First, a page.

Common workout injuries and how to avoid them
Feeling the burn after starting a new workout routine?
Great for both your body and mind, practising yoga is one of the most holistic ways you can exercise. In fact, studies suggest that the ancient arts focus on strength, flexibility and breathing not only increases participants’ overall fitness levels but eases stress and promotes relaxation.
“Yoga is popular due to the mental benefits it provides,” says personal trainer and health and wellness coach Kristy Curtis. “It’s a good way to work on flexibility and mobility while practising proper breathing and mindfulness.” Now that’s bang for your workout buck!
There are many different styles of yoga, some more vigorous than others. No variation is necessarily better than any other, so the key is to choose a class appropriate to your fitness and interest level.
Among the most widely practised are:
So why is yoga good for you? Having a regular yoga practice has been shown to improve heart health, blood sugar levels and high blood pressure. It’s also proven beneficial for those with lower back pain.
Other physical health benefits of yoga can include:
Some of the long-term mental health benefits of yoga include:
The short answer: yes! Yoga practice is suitable for almost anyone, no matter your age or fitness level. In fact, according to a 2017 survey, almost 2.2 million people in Australia practised yoga, making it one of the country’s most popular ways to exercise.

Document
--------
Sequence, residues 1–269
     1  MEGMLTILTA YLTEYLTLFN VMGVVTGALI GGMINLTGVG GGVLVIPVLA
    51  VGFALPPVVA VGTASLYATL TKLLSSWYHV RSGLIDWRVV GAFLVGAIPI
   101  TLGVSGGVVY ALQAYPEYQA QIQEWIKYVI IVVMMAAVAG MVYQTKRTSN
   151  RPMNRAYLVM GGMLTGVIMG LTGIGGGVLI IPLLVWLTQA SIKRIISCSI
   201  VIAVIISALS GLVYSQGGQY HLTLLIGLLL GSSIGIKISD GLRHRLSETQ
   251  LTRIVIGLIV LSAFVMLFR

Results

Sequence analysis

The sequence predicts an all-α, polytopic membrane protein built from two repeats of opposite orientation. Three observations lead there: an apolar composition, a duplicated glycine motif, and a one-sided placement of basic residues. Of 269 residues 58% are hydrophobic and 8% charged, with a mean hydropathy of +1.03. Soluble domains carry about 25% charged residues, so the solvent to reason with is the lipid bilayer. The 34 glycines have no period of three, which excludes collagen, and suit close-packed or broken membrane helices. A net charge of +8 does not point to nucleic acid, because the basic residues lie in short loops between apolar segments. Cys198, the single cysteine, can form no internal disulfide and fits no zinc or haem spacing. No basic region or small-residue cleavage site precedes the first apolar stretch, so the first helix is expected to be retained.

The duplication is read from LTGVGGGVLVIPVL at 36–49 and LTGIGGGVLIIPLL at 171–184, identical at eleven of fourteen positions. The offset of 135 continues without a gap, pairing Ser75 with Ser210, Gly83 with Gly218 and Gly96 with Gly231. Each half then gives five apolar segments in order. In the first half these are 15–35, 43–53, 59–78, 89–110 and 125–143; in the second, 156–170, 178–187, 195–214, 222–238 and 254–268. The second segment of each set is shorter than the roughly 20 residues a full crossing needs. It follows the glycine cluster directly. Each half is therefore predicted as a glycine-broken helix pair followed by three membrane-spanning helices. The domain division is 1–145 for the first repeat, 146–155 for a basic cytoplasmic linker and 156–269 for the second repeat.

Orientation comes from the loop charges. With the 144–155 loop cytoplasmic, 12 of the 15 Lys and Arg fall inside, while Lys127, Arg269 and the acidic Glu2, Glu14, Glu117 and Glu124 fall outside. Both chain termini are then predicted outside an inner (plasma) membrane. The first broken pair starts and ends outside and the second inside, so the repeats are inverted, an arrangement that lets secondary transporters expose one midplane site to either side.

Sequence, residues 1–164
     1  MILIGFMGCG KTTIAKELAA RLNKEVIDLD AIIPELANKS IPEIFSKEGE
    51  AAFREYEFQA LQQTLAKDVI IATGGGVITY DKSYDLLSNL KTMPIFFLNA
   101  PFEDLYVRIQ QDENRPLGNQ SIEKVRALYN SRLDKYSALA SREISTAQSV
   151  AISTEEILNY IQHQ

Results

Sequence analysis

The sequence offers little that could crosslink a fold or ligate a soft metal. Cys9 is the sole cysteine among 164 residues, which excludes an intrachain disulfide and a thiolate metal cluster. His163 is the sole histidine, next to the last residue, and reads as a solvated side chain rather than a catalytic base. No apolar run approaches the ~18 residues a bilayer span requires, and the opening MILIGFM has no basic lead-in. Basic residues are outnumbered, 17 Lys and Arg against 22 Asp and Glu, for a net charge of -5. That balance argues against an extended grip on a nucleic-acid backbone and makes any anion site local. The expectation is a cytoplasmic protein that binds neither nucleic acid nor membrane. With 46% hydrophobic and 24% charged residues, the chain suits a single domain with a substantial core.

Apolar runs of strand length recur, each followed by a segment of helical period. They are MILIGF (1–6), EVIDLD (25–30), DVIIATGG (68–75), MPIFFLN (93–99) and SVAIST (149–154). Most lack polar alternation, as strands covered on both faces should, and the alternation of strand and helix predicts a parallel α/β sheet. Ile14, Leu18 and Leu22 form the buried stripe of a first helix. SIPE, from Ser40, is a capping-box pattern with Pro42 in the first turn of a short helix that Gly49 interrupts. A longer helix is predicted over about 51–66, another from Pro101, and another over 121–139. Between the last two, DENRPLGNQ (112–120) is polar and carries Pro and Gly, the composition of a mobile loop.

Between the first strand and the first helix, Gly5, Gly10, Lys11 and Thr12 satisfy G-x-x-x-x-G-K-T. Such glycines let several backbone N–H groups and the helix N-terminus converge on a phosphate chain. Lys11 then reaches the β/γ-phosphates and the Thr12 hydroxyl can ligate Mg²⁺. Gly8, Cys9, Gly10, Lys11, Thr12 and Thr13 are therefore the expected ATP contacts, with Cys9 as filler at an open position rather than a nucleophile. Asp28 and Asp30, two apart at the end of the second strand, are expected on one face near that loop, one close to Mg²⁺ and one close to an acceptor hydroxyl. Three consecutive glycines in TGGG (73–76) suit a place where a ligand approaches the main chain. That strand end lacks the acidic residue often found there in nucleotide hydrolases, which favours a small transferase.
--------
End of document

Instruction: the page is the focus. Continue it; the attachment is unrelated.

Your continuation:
Kristy stresses that a good yoga teacher will carefully guide and observe beginners, modifying postures when needed.
“An asana [pose] should never cause pain,” she adds. “If it hurts, ease back on the stretch or don’t do it at all. It is important to keep within your physical limits.”
If you practise yoga regularly, you should notice physical changes after eight to 12 weeks. However, like most forms of fitness, physical results will vary from person to person and depend largely on how much time you’re dedicating to your practice.
Keen to experience yoga benefits for yourself? You should always check with your doctor before starting any new exercise regimen, particularly if you’re over 40, haven’t exercised for a long time or have a pre-existing medical condition.
Whether you’re new to exercise or training for a half marathon, check out The Check Up’s dedicated fitness section for more expert tips to help you achieve your goals.
Please note: The tips throughout this article serve as broad information and should not replace any advice you have been given by your medical practitioner.
Kristy Curtis is one of Australia and Asia’s leading wellness experts. She discovered her passion for fitness at a young age and has since transformed that passion into a career, with a successful personal training business and as a TV presenter. Kristy strongly believes while there are some things in life you can’t control, you can take ownership and responsibility of your health through eating good food, thinking positively and keeping your body moving. Every night before bed, Kristy completes a sudoku puzzle.